Chancellor Jeremy Hunt has been urged to reform the ringfencing regime “as quickly as possible” as UK Finance submitted proposals ahead of the Spring budget.
In a list of proposals submitted today, UK Finance, the industry body, said “the current ringfencing regime puts the UK at a disadvantage internationally, as well as trapping liquidity and inhibiting competition in the banking sector.”
Ringfencing separates a bank’s investment banking division from its retail with the intention of protecting the core retail division from shocks originating elsewhere. It covers banks with more than £25bn of deposits.
Under the Edinburgh reforms, the government proposes to lift the threshold at which ringfencing applies to £35bn.
UK Finance said the proposed £35 billion threshold for ring-fencing “would not generate incremental systemic risk.”
Alongside increasing the ring-fencing thresholds, UK Finance said the overall regulatory regime should be “streamlined” by linking the ringfencing and minimum requirement for own funds and eligible liabilities (MREL) thresholds.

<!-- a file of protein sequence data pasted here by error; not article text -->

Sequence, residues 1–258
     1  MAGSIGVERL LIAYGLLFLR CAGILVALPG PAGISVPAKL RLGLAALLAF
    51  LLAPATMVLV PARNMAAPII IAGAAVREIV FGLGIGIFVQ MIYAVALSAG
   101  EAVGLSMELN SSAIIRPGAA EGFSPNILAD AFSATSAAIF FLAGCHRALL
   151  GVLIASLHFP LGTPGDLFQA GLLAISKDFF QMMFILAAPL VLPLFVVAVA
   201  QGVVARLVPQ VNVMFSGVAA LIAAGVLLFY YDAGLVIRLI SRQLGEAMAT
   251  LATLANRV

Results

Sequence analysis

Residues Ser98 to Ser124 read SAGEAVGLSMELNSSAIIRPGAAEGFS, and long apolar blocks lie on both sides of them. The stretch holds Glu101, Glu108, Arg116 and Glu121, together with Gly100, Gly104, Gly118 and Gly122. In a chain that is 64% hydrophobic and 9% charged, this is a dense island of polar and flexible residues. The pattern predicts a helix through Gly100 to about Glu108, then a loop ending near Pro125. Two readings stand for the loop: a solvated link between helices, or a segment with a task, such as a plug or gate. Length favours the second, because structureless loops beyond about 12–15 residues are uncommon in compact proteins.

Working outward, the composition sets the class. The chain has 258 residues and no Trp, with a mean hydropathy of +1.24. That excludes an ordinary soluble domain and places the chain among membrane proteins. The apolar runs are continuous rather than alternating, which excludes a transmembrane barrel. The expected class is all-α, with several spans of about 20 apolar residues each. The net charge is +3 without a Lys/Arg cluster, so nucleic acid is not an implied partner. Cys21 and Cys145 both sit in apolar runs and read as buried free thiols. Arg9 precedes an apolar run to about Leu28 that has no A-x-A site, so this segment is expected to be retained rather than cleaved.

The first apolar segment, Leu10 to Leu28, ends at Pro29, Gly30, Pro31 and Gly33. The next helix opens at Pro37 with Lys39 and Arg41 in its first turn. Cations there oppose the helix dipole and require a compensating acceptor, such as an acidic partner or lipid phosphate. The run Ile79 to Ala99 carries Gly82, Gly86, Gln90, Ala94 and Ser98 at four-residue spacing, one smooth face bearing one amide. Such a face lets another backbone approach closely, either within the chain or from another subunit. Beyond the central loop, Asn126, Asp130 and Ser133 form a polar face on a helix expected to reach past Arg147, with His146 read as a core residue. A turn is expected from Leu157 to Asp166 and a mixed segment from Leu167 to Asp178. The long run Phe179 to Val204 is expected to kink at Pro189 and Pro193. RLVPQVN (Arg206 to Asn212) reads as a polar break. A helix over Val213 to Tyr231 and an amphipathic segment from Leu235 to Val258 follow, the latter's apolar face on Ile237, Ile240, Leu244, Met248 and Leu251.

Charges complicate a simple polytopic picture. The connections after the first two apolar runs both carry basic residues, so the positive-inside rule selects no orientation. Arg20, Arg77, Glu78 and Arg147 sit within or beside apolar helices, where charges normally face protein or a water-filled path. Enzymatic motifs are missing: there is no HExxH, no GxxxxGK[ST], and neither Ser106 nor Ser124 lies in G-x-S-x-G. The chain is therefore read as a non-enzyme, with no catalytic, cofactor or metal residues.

MREL requirements determine the minimum amount of funds a bank must hold to meet resolution requirements.
In a recent Treasury Committee hearing, John Vickers and Keith Skeoch said UK’s retail banks were “undoubtedly safer” and faced lower funding costs due to the ringfencing regime.
UK Finance also called on the Chancellor to set out a “tax roadmap”, which would include plans to remove bank corporation tax surcharge and the bank levy, and to set out plans to green the UK’s housing stock.
The Chancellor will deliver the Spring budget on 15 March. He is not expected to unveil any radical measures, delaying any tax cuts until after the next election.